Jina AI Cloud Hosting#


After building a Jina project, the next step is to deploy and host it on the cloud. Jina AI Cloud is Jina’s reliable, scalable and production-ready cloud-hosting solution that manages your project lifecycle without surprises or hidden development costs.


At present, Jina AI Cloud hosts all your Jina projects and offers computational/storage resources for free!


Jina AI Cloud provides a CLI that you can use via jina cloud from the terminal (or jcloud or simply jc for minimalists.)


You can also install just the JCloud CLI without installing the Jina package.

pip install jcloud
jc -h

If you installed the JCloud CLI individually, all of its commands fall under the jc or jcloud executable.

In case the command jc is already occupied by another tool, use jcloud instead. If your pip install doesn’t register bash commands for you, you can run python -m jcloud -h.

For the rest of this section, we use jc or jcloud. But again they are interchangable with jina cloud.


In Jina’s idiom, a project is a Flow, which represents an end-to-end task such as indexing, searching or recommending. In this document, we use “project” and “Flow” interchangeably.


Flows have a maximum lifetime after which they are automatically deleted.

A Flow can have two types of file structure: a single YAML file or a project folder.

Single YAML file#

A self-contained YAML file, consisting of all configuration at the Flow-level and Executor-level.

All Executors’ uses must follow the format jinahub+docker://MyExecutor (from Executor Hub) to avoid any local file dependencies:

# flow.yml
jtype: Flow
  - name: sentencizer
    uses: jinahub+docker://Sentencizer

To deploy:

jc deploy flow.yml


We recommend testing locally before deployment:

jina flow --uses flow.yml

Project folder#


The best practice of creating a JCloud project is to use:

jc new

This ensures the correct project structure accepted by JCloud.

Just like a regular Python project, you can have sub-folders of Executor implementations and a flow.yml on the top-level to connect all Executors together.

You can create an example local project using jc new hello. The default structure looks like:

├── .env
├── executor1
│   ├── config.yml
│   ├── executor.py
│   └── requirements.txt
└── flow.yml


  • hello/ is your top-level project folder.

  • executor1 directory has all Executor related code/configuration. You can read the best practices for file structures. Multiple Executor directories can be created.

  • flow.yml Your Flow YAML.

  • .env All environment variables used during deployment.

To deploy:

jc deploy hello

The Flow is successfully deployed when you see:


You will get a Flow ID, say 173503c192. This ID is required to manage, view logs and remove the Flow.

As this Flow is deployed with the default gRPC gateway (feel free to change it to http or websocket), you can use jina.Client to access it:

from jina import Client, Document

c = Client(host='https://173503c192.wolf.jina.ai')
print(c.post('/', Document(text='hello')))

View logs#

To watch the logs in real time:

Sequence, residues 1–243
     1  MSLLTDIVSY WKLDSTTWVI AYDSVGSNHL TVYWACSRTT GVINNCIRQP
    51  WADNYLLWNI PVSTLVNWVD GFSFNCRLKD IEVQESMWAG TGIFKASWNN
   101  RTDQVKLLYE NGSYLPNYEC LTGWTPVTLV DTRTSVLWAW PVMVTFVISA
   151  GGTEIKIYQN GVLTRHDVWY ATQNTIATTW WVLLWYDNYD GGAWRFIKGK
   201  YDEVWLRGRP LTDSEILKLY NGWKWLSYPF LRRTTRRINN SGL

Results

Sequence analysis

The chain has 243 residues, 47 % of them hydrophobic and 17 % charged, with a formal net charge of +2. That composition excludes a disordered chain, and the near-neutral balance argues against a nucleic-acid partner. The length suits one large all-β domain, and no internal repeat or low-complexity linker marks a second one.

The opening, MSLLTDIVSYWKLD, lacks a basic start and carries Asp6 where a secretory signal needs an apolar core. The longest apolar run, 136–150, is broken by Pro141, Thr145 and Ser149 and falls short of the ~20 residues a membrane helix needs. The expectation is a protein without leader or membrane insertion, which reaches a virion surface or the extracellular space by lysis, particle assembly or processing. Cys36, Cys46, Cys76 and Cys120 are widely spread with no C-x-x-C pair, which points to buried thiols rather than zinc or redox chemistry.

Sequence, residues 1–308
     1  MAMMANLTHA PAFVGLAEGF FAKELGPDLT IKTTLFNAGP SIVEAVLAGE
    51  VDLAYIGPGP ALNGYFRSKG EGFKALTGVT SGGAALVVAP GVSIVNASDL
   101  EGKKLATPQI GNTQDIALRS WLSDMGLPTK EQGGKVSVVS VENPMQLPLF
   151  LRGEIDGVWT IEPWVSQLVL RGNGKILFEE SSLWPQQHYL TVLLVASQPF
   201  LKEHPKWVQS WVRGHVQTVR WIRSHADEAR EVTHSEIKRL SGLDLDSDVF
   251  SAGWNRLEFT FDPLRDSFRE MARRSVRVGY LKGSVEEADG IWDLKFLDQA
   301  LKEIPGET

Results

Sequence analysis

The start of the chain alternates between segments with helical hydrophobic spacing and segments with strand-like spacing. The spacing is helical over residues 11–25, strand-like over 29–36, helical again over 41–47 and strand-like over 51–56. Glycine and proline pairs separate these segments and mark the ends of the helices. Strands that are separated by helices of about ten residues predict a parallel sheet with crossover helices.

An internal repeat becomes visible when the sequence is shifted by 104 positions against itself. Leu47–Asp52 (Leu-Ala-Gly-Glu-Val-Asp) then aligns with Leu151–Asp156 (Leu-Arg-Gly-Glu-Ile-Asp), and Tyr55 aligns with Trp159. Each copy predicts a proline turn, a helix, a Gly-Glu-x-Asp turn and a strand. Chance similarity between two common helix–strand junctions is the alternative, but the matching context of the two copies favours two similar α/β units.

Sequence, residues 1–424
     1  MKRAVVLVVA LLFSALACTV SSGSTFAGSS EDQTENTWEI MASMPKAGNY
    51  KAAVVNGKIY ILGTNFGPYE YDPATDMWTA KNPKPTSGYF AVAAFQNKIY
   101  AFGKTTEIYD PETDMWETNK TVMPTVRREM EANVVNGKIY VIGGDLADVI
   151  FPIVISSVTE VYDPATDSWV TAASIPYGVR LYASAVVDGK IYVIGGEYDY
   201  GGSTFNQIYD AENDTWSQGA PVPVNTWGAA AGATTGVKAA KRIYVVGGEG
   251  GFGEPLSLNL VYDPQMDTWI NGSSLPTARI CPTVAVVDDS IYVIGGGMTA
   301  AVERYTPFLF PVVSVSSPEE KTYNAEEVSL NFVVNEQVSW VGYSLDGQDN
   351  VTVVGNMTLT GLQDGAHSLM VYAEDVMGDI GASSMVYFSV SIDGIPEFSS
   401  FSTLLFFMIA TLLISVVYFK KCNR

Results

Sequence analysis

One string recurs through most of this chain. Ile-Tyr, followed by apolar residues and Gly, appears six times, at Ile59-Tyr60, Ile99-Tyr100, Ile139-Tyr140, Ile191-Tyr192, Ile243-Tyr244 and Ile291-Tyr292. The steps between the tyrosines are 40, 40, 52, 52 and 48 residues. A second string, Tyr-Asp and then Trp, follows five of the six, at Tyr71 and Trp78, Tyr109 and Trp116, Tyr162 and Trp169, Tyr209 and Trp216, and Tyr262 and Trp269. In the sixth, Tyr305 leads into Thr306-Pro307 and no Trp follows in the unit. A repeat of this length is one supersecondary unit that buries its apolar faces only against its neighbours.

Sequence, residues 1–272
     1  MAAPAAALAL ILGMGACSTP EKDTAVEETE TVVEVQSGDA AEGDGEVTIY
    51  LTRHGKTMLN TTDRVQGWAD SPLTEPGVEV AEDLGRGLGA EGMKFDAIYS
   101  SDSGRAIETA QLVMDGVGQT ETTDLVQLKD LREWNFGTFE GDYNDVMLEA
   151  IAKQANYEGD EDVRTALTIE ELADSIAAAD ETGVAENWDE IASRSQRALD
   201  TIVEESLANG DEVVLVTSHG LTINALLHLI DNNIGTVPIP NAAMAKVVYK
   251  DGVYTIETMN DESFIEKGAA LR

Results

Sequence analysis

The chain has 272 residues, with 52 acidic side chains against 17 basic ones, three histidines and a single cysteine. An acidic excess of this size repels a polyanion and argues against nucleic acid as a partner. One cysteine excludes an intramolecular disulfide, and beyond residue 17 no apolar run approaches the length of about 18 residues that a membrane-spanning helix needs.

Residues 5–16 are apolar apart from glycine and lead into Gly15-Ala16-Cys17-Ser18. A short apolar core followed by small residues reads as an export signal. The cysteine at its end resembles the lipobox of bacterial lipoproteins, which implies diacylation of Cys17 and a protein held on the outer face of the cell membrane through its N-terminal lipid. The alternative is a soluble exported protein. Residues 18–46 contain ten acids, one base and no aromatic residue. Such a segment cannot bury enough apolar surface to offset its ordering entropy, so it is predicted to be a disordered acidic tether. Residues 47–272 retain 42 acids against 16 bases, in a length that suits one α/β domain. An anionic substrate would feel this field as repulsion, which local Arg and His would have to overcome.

jc logs 173503c192

You can also stream logs for a particular Executor by passing its name:

jc logs 173503c192 --executor sentencizer

Remove Flows#

You can remove a single Flow, multiple Flows or even all Flows by passing different identifiers.

To remove a single Flow:

jc remove 173503c192

To remove multiple Flows:

jc remove 173503c192 887f6313e5 ddb8a2c4ef

To remove all Flows:

jc remove all

By default, removing multiple or all Flows is an interactive process where you must give confirmation before each Flow is deleted. To make it non-interactive, set the below environment variable before running the command:


Get status#

To get the status of a Flow:

jc status 15937a10bd


Basic monitoring is provided to Flows deployed on Jina AI Cloud.

To access the Grafana-powered dashboard, first get the status of the Flow. The dashboards link is displayed at the bottom of the pane. Visit the URL to find basic metrics like ‘Number of Request Gateway Received’ and ‘Time elapsed between receiving a request and sending back the response’:


List Flows#

To list all of your “ALIVE” Flows:

jc list

You can also filter your Flows by passing a status:

jc list --status FAILED

Or see all Flows:

jc list --status ALL

Pass environment variables#

Single YAML#

jc deploy flow.yml --env-file flow.env

Project folder#

  • You can include your environment variables in the .env file in the local project and Jina AI Cloud manages them.

  • You can optionally pass a custom.env.

    jc deploy ./hello --env-file ./hello/custom.env


If your deployment failed, enable verbose logging and redeploy it. You can add --loglevel DEBUG before each CLI subcommand:

jc --loglevel DEBUG deploy flow.yml

Alternatively, you can configure it by using environment variable JCLOUD_LOGLEVEL:

JCLOUD_LOGLEVEL=DEBUG jc deploy flow.yml

If you don’t see any obvious errors, please raise an issue in the JCloud repository.


JCloud scales according to your needs. You can demand different resources (GPU/RAM/CPU/storage/instance-capacity) based on the needs of your Flows and Executors. If you have specific resource requirements, please contact us on Slack or raise a GitHub issue.


  • Deployments are only supported in the us-east region.

  • Each Executor is allocated a maximum of 4GB RAM, 2 CPU cores & 10GB of block storage.

  • Three Flows can be deployed at a time, out of which one Flow can use a GPU.

  • A maximum of two GPUs are allocated per Flow.

  • Flows with Executors using GPU are removed after 12 hours, whereas other Flows are removed after 72 hours.